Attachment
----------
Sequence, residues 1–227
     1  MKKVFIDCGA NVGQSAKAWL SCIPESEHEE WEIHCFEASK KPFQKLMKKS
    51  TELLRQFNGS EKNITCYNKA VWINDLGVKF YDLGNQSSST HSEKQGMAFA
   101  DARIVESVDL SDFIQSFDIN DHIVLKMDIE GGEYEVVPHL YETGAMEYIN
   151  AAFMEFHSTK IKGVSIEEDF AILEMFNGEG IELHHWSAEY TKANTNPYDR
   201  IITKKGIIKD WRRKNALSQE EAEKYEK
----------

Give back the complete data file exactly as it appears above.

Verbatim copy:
Sequence, residues 1–227
     1  MKKVFIDCGA NVGQSAKAWL SCIPESEHEE WEIHCFEASK KPFQKLMKKS
    51  TELLRQFNGS EKNITCYNKA VWINDLGVKF YDLGNQSSST HSEKQGMAFA
   101  DARIVESVDL SDFIQSFDIN DHIVLKMDIE GGEYEVVPHL YETGAMEYIN
   151  AAFMEFHSTK IKGVSIEEDF AILEMFNGEG IELHHWSAEY TKANTNPYDR
   201  IITKKGIIKD WRRKNALSQE EAEKYEK